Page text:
• The Humans that Brought You Pets – An interview with the brass of the production company as each explains his/her role in the development or production of the film and some of the “inspirations” that made the movie come to life (so to speak).
      • Chris Meledandri
      • Janet Healy
      • Chris Renaud
      • Yarrow Cheney
      • Brian Lynch
    • Animals Can Talk: Meet the Actors – We get some behind the scenes footage of the actors doing their work (a LOT of hand gesturing) as well as some sit down talks with a few of the more “key” members involved.
    • All About the Pets – Actors Kevin Hart and Eric Stonestreet are joined by an animal trainer who gives them an assortment of “pets” in the film as both cuddle and dote upon said animals. The adorable factor is off the charts.
    • Hairstylist to the Dogs – Eric Stonestreet is joined by a “hairstylist to the stars” as the duo give a few pooches a makeover. And if you were wondering, yes they actually do make a “leave in conditioner” for dogs. Amazing.
    • How to Make and Animated Film – The same assortment of talking heads we met in the first feature once again regale us with all the intricacies of how to make a movie like this. Admittedly I’d never have the time or patience to do this, but these folks do and I have to give them credit as it does look a lot more difficult than one would think.
    • Anatomy of a Scene – “An animated scene involves thousands of decisions on a weekly basis” says Illumination CEO Chris Melendandri. In this segment, we get the lowdown on what it takes to put together even some of the most basic movements with a character. We see their base models, some of the transitions involved and the different effects that can be applied to all of their 3D models.
    • The Best of Snowball – A 90 second montage of one-liners by Snowball (voiced by Kevin Hart), the evil bunny in the film.
    • “Lovely Day” Lyric Video – As promised, this is a 2D animated video with the words to Bill Withers’ iconic song “Lovely Day.”
    • Hot Dog Sing-Along – I was instantly reminded of Sausage Party (not to be confused with this film in any way, shape or form) as we see the two main characters lost in a world of hot dogs. All of this is accompanied by the song “We Go Together” from Grease with the words at the bottom of the screen.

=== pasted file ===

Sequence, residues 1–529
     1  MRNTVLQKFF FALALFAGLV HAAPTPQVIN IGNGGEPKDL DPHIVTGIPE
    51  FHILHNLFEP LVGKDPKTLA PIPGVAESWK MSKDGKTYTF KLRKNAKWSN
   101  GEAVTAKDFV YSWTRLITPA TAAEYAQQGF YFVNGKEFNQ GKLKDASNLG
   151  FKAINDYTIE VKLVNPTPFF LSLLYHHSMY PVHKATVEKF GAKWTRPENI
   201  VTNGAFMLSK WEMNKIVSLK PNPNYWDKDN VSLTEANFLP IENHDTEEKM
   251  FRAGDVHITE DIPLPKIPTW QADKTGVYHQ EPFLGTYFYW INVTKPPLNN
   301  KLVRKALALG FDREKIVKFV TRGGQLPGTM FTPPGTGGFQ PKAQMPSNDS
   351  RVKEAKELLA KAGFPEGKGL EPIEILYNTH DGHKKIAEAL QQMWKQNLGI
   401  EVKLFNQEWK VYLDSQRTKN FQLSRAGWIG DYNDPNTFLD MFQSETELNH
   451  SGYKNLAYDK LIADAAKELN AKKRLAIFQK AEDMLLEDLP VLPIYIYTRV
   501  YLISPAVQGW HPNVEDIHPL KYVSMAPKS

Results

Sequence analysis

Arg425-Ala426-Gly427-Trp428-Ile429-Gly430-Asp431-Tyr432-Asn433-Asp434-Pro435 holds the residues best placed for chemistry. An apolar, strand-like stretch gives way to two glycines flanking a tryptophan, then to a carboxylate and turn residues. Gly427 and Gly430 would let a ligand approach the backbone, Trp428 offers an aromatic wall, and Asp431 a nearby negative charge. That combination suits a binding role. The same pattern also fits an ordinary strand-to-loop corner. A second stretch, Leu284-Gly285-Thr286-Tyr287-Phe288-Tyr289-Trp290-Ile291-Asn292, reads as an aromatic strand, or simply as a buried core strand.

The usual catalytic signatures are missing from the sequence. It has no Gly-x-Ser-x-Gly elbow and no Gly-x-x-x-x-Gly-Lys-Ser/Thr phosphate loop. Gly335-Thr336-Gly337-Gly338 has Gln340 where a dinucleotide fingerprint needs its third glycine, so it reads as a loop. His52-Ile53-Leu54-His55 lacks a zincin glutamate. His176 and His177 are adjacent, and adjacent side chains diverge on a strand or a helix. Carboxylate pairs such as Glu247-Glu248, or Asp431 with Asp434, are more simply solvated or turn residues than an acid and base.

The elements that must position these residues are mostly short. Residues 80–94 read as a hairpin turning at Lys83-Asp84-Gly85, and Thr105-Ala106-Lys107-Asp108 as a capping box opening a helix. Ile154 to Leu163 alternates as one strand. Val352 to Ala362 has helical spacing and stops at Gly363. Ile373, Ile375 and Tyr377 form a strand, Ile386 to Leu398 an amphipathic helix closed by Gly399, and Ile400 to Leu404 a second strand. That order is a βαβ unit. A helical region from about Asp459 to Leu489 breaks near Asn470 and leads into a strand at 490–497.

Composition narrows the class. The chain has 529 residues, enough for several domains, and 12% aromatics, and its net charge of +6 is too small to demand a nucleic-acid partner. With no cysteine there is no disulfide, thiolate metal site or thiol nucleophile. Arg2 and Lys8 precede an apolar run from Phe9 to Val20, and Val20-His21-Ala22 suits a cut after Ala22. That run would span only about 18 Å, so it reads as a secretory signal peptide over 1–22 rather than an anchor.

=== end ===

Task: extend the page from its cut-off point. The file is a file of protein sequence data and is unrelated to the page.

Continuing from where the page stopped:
• Brian the Minion on Pets – This three part series sponsored by Fandango (logo included and everything) has Brian of Minions fame as he and fellow minions watch three clips from the film in a Mystery Science Theater 3000 style. The silhouettes react to what’s going on screen and laugh because they’re mindless minions.
    • GoPro – The Secret Life of Pets – The corporate sponsorships persist in this segment by GoPro. We see some scenes from the film coupled with some real life footage that parallels what happens in the movie. Oddly I find it interesting that they let people jump out of airplanes around New York City. You’d think that wouldn’t go over so well…
    • Trailer – If you look closely in the movie, you’ll see a poster for this on the back of the bus. If you don’t, you’ll see that they included a trailer for the next Illumination Pictures project – Sing.
    • Mini Movies
      • Norman TV – Norman, the guinea pig who can’t ever seem to find his way back to his apartment, spies through different vents as if he’s watching different TV series. I guess this is his entertainment.
      • Weenie – If you watched the Hot Dog Sing-Along, then these characters will look familiar. A song and dance with an elder trying to cheer up a young hot dog who’s been called a, you guessed it, weenie.
      • Mower Minions – In an effort to get some money for a new blender, the minions manage to finagle a few bucks out of some old folks while mowing their lawn. Oddly, the only “rated” segment of the trio.
      • The Making of Mini-Movies – We get some insight into the Paris, France-based company and how the collaboration between the higher ups and the, well…minions made for a great interactive experience.

The Bottom Line

The Secret Life of Pets was one of the biggest commercial hits of the entire year. It’s got everything that makes an animated movie successful, so it’s really not that much of a surprise. The movie both looks and sounds great, and the supplements do get a tad bit redundant. Still, I’m sure the kids will love this one and there’s no reason not to add it to your collection.

Disc Features
  • (1.85:1) Aspect Ratio
  • Video Codec: AVC
  • Audio: DTS HD Master
  • Theatrical Trailer
  • Audio Commentary
  • Deleted Scene(s)
  • Featurette
  • Documentary
  • Digital Copy
  • 2 Disc Set
  • IMDb Information Certified Fresh 75%
The Secret Life of Pets (Blu-ray)

3.5
Video
Audio
Extras